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Moon and Venus
The two brightest objects in the night sky team up at dawn the next couple of days, and two other prominent lights join them.
The Moon is low in the southeast at first light tomorrow. Sunlight illuminates about one-sixth of the lunar hemisphere that faces our way, so it’s a beautifully thin crescent. And the planet Venus is close below it — the brilliant “morning star.”
Of all the major planets and moons in the solar system with a solid surface, Venus might be the most difficult to visit. That’s mainly because of its amazing atmosphere.
On the way down, you’d first have to zip through layers of clouds that are dozens of miles thick. Most of the clouds are made of sulfuric acid, which is nasty stuff — it can eat through metals and other materials.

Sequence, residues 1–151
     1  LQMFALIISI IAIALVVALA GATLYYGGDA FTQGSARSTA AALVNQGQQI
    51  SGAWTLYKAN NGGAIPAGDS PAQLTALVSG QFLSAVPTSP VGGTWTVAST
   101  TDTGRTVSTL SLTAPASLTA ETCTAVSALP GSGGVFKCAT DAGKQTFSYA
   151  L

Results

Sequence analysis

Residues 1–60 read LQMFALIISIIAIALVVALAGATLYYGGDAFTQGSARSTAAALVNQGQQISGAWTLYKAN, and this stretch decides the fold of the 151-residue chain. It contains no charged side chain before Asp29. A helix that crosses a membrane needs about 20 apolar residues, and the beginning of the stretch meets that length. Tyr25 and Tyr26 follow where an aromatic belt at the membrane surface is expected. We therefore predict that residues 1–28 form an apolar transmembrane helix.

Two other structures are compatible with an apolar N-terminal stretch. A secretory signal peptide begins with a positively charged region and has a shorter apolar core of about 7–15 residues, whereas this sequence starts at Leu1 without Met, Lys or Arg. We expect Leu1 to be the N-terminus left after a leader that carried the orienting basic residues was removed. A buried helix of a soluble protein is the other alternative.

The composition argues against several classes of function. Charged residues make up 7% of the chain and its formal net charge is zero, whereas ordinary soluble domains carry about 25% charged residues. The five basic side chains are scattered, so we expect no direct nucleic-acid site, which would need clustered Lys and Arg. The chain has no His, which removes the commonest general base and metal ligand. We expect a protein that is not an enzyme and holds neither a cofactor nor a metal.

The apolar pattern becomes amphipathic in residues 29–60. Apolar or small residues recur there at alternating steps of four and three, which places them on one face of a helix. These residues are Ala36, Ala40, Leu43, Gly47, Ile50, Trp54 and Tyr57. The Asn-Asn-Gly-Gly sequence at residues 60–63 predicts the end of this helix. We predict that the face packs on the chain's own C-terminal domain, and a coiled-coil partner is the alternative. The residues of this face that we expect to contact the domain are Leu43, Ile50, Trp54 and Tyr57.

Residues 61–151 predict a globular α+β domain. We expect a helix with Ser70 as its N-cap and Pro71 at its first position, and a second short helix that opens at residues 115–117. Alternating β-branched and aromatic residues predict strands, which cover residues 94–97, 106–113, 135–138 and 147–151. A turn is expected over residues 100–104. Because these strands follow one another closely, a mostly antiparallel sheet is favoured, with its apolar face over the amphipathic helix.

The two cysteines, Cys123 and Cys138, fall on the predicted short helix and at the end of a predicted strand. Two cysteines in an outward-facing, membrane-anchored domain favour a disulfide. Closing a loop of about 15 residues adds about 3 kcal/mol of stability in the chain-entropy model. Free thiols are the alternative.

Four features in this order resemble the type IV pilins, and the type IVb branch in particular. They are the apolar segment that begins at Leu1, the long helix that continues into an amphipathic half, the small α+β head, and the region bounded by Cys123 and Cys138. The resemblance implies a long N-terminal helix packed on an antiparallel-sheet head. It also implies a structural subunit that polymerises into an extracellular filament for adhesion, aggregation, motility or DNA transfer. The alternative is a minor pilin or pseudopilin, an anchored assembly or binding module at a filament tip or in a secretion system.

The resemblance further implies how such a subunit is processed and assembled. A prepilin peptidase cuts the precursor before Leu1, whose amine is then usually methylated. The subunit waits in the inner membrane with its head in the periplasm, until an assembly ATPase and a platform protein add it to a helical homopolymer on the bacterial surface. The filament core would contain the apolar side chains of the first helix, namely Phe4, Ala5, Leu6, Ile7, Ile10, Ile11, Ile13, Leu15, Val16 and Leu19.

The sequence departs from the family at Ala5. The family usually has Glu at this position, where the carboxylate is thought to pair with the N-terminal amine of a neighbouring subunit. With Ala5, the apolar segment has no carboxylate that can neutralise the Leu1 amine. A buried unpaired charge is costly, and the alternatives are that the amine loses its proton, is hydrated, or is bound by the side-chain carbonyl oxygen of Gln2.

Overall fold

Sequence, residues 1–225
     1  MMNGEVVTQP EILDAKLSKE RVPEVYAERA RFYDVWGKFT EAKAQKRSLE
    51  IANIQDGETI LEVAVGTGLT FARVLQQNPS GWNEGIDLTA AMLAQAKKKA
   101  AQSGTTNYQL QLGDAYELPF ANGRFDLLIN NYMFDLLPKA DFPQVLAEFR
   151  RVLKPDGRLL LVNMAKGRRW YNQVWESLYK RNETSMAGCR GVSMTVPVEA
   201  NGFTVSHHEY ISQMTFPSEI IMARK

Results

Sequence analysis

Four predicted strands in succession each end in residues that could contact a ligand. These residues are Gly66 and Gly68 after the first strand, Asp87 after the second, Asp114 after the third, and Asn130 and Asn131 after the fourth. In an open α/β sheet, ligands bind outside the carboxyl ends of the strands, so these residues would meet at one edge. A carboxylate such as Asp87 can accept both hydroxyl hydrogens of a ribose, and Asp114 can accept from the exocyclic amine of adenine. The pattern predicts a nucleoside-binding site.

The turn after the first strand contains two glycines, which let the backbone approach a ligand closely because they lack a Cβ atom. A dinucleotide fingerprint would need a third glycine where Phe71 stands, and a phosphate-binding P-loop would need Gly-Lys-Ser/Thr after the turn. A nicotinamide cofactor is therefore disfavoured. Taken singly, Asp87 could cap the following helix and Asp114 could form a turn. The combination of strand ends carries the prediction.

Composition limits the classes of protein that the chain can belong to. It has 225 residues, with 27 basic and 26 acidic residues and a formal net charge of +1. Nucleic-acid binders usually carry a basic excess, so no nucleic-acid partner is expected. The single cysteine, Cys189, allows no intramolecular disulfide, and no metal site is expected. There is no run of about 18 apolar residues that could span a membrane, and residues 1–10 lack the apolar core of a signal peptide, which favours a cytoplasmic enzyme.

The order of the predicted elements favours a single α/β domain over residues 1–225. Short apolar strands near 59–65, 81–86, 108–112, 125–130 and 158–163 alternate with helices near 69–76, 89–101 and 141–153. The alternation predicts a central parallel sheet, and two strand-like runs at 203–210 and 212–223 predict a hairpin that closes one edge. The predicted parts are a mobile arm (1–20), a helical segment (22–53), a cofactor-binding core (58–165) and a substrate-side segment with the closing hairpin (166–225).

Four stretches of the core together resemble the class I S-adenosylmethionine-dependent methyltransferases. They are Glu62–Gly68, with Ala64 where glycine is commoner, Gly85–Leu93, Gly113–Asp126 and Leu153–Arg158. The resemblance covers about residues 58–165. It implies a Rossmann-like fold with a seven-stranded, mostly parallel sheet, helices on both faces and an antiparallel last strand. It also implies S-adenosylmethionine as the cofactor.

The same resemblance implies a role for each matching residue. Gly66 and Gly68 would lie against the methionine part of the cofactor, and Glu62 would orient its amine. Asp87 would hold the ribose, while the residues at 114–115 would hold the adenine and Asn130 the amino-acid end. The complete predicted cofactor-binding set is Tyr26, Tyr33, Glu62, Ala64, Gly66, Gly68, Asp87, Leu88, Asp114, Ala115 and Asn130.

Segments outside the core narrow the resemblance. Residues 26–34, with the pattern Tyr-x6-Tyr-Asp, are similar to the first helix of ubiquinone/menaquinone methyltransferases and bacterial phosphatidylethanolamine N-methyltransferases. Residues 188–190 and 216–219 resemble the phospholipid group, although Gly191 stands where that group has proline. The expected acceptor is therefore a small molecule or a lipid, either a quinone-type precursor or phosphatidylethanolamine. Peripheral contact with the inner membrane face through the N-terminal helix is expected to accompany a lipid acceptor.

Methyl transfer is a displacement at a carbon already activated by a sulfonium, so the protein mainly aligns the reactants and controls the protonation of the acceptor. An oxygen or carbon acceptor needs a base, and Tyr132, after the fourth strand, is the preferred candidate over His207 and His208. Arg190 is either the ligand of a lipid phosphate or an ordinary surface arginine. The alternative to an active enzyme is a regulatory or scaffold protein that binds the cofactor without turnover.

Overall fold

When you dropped out of the clouds, you’d have to contend with climbing temperatures and pressures. The surface temperature is more than 850 degrees Fahrenheit, and the pressure is more than 90 times greater than on Earth. Under such extreme conditions, the lunar landers that carried astronauts to the Moon would be crushed and melted. So it would take a special kind of lander to sustain life on this desolate world.
Again, look for Venus below the Moon early tomorrow. The planet Saturn is quite close to the lower left of Venus, shining like a golden star. And the orange star Antares is farther to the lower right of Venus — completing a beautiful tableau in the dawn sky.
Script by Damond Benningfield, Copyright 2015